Not only do companies want more UW-Madison engineers, but they also prioritize recruiting at the university, says John Archambault, assistant dean for engineering student development and director of the Engineering Career Services office at UW-Madison. “Employers say we are at the top of their recruiting lists because of our national ranking and our reputation for high-quality students with demonstrated leadership skills and a strong work ethic,” he says. “They see these attributes not only in our graduates, but in our alumni already working in their organizations.”

Archambault says the college’s rigorous curriculum helps students become innovative problem-solvers, while hands-on design and capstone courses allow them to apply their engineering training to real challenges. Additionally, more than 80% of students participate in one or more internships or co-operative work terms. “As a result, they already have on-the-job experience are ready to step into a professional role,” he says.

Their depth of preparation also means that UW-Madison engineering bachelor’s degree recipients command starting salaries generally higher than the national average.

Admission to the College of Engineering is extremely competitive, says Robertson.

Each year, some-8,000 talented students apply to UW–Madison with a desire to become engineering undergraduates. “Our college can admit only about 1,200,” he says. “That capacity is limited by the space and the facilities we have available, as well as the number of faculty and staff we have to educate our students.”

In contrast to UW-Madison’s overall undergraduate engineering enrollment of 4,500, competitor universities such as Purdue, Illinois, Penn State, Ohio State, Michigan State and Michigan have engineering undergraduate student body sizes ranging from 6,000 to nearly 9,500 students. Those engineering colleges also recently have dedicated new state-of-the-art “signature” engineering buildings.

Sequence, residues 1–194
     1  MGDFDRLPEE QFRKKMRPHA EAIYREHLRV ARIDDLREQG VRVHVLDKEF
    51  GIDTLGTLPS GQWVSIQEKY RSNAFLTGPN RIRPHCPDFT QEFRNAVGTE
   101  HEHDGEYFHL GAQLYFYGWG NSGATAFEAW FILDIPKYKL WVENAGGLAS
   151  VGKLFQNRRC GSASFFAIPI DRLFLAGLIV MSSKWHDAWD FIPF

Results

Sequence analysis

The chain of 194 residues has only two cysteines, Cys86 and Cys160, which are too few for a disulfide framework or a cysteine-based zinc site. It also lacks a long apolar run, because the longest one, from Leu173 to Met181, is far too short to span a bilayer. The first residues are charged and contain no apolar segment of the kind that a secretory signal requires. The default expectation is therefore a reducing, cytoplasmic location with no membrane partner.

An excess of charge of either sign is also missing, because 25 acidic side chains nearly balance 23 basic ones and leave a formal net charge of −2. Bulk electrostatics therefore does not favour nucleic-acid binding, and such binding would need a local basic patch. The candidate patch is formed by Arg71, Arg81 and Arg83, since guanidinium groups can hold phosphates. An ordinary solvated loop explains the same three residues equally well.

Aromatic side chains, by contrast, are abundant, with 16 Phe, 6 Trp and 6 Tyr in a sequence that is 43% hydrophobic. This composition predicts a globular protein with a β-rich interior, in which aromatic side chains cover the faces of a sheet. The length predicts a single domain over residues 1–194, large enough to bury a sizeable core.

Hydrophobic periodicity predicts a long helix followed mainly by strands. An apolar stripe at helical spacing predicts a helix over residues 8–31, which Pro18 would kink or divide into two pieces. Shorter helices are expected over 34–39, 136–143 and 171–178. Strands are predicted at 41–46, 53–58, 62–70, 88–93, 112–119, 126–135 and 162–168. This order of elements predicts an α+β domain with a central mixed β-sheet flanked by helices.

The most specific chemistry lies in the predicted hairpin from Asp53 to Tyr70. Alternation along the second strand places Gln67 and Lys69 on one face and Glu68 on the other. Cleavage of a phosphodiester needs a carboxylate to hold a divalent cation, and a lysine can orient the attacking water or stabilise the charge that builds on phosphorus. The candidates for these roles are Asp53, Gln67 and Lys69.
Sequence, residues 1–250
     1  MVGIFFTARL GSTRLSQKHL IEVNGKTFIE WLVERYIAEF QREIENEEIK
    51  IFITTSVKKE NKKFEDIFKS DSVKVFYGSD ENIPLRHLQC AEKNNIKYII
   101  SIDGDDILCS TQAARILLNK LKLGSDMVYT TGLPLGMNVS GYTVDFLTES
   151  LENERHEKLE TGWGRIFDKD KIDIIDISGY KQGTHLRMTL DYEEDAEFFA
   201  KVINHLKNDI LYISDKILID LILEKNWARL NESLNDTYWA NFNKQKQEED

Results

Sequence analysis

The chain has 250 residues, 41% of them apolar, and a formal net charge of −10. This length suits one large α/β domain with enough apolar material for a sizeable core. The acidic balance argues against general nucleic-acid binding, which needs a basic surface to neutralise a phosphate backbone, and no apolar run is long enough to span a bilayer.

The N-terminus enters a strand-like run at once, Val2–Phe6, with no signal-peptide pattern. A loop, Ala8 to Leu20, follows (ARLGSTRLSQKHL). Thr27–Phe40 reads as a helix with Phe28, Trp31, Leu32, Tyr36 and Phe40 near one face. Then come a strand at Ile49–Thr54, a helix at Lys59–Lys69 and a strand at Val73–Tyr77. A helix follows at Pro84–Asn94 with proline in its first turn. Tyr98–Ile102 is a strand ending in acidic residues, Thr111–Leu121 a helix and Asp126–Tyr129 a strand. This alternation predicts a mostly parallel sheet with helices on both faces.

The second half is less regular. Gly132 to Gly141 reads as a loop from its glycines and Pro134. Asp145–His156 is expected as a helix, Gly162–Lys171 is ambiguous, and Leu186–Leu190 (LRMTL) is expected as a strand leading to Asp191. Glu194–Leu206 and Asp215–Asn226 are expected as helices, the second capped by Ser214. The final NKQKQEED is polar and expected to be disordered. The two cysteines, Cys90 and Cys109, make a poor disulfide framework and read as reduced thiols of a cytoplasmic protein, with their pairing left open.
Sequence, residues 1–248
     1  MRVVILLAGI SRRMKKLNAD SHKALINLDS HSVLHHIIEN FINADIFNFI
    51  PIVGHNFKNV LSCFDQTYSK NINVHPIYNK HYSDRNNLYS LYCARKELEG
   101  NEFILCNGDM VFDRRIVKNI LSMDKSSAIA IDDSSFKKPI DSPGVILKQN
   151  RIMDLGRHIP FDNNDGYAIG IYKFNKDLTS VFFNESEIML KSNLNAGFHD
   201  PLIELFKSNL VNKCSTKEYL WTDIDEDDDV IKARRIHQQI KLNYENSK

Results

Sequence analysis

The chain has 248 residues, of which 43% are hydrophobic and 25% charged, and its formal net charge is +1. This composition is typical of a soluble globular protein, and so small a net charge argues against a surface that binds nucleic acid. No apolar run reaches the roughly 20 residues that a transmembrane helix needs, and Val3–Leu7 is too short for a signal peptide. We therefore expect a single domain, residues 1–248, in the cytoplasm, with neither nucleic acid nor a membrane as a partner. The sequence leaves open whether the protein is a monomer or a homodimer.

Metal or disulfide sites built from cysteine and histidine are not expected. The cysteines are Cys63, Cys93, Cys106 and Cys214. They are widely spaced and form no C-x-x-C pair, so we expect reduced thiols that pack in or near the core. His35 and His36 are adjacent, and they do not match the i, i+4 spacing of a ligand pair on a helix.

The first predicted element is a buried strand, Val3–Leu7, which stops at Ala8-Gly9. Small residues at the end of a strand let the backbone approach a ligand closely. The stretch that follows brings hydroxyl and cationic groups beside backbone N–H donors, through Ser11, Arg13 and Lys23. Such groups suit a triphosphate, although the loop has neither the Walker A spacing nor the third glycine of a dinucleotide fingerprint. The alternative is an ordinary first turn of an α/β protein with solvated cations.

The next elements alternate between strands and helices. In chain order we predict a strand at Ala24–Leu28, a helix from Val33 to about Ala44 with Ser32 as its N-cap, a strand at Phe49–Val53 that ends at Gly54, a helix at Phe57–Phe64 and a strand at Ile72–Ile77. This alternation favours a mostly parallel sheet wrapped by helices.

With an ambitious plan to grow to 5,500 undergraduates and 2,000 graduate students, Robertson says the UW–Madison College of Engineering needs to follow suit. “We need to grow not only to meet student and employer demand, but also to remain attractive to them. If we want to continue to recruit the best talent — and that means at the faculty, staff and student level — we need facilities that are comparable to our peers,” he says.

A planned new building is a critical starting point in the college’s ability to provide a hands-on education to many more engineering students and help keep pace with industry growth. The $347 million building will be funded through $197 million in state and $150 million in gift support. It will provide the college much-needed space to accept additional students, recruit and retain top-tier faculty members to educate them, and to sustain its excellence in research and graduate education.

Featured image caption: The College of Engineering’s rigorous curriculum helps students become innovative problem-solvers, while hands-on design and capstone courses allow them to apply their engineering training to real challenges. Credit: UW-Madison College of Engineering.